kids these days
By Diogenes ( articles ) | Jul 19, 2005
Check out F. Carolyn Graglia's powerful review of a powerful book, Mary Eberstadt's Home Alone America. Eberstadt argues, first, that many of the ills that afflict American children are due to the absence of their parents, and second, that the real cause has been largely ignored because of ideological and psychological reluctance to confront the failure of "separationism" -- the belief "that women's freedom to work in the paid marketplace justifies separation from their children." Some interesting observations:
Eberstadt makes a powerful case that [juvenile behavioral] disorders are overdiagnosed and that the psychotropic drugs used to treat them -- which are so hard on the children, who are their harshest critics -- are overprescribed. ... The reason, says Eberstadt, is that the too busy parents and teachers want to make children easier to deal with; "yesterday's children -- which is to say today's adults -- enjoyed the luxury of being considered 'normal' in ways that today's children increasingly do not." The parents of yesterday had a wider experience with their children and thus "a more expansive idea of child normality." Parents who spend less time with their children "find their behavior more problematic and in need of alteration." And so, encouraged by a psychiatric profession that refuses to consider a child's environment and believes that antisocial behavior stems only from an underlying disorder, parents acquiesce in what Eberstadt calls "the pharmaceutical outsourcing of childhood."
To this I might add that decreasing family size could compound the problem. Parents of large families tend to hang loose to transient goofiness more than one-child parents, who often bring out the tranquilizer dart gun at the first signs of fidgety behavior. And the flip side of the coin is the paradox that off-the-chart frenzy may be the normal response to what are naturally abnormal surroundings:
Pervading Eberstadt's analysis is her acute insight that our culture's embrace of the separationist ideology and women's acceptance of daily separation from their children has desensitized adults to what babies and children need. Adult moral sensibility has been coarsened, says Eberstadt, and parents refuse even to consider that their disorderly children "might actually have authentic reasons for doing what they do [and] might be responding rationally to arrangements that look irrational, wrong, or stressful from their point of view." Some of their actions may be "the normal reactions of youngsters to the arguably inhuman rhythms of their days." Perhaps "some babies and toddlers just aren't cut out for spending most of their tiny lives in a room filled with unrelated children and unrelated adults."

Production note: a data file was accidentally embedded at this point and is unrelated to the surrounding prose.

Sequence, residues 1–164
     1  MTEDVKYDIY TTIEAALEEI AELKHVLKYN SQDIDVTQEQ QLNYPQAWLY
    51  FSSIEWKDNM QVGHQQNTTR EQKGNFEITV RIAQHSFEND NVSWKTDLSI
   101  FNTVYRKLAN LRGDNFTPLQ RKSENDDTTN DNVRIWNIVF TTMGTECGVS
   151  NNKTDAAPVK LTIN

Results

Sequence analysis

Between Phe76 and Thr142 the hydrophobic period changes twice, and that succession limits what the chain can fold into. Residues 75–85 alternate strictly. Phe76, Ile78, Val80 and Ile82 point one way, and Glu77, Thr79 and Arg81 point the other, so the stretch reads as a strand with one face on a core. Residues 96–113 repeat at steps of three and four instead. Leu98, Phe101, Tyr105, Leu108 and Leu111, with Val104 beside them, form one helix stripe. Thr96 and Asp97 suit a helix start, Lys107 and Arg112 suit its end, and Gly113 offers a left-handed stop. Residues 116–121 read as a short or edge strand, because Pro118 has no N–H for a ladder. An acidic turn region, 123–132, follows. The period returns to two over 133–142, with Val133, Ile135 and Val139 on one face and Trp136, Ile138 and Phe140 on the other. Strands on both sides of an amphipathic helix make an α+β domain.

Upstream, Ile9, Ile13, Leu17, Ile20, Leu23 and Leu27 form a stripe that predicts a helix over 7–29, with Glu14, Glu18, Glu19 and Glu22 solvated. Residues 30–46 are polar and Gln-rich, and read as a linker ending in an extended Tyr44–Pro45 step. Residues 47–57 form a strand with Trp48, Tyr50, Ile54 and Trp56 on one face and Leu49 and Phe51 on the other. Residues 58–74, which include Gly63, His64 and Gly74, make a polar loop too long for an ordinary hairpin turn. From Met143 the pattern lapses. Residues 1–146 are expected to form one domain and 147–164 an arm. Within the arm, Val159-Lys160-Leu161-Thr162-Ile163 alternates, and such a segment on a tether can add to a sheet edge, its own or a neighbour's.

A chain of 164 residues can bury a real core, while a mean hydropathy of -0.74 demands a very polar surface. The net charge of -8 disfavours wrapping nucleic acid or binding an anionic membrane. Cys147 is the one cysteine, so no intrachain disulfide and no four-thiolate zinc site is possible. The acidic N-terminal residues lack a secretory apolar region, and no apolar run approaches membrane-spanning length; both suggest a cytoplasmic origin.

This bit strikes me as painfully true:
[Eberstadt] recognizes that her book violates a major taboo today about any discussion of "whether and just how much children need their parents -- especially their mothers." This taboo seeks to protect working mothers from feeling guilty, and Eberstadt sensibly concludes her book by observing that those who "cannot choose otherwise," such as single parents, "have nothing to feel guilty about." As for those who do have a choice, perhaps the "continuing complaints about the guilt felt by absent mothers" may be "further proof of a social experiment run amok."
The 19th century historian John Morely made the sardonic observation, "Where it is a duty to worship the sun it is pretty sure to be a crime to examine the laws of heat." In the present context, the truism means that the feminist dogma of interchangeable gender roles (abetted by male selfishness only too glad to shed the irksome responsibilities of fatherhood) has forbidden honest and objective study of the social reality -- especially the harms caused by absentee parenting. If Eberstadt were a grad student whose book had been submitted as a dissertation at an American university, she'd end up being burned as a heretic (by the academic dean) in the parking lot of the faculty day-care facility. One learns that some questions are too sensitive to raise, much less to answer. It's gratifying that someone has the personal freedom and intellectual gutsiness to break the silence.
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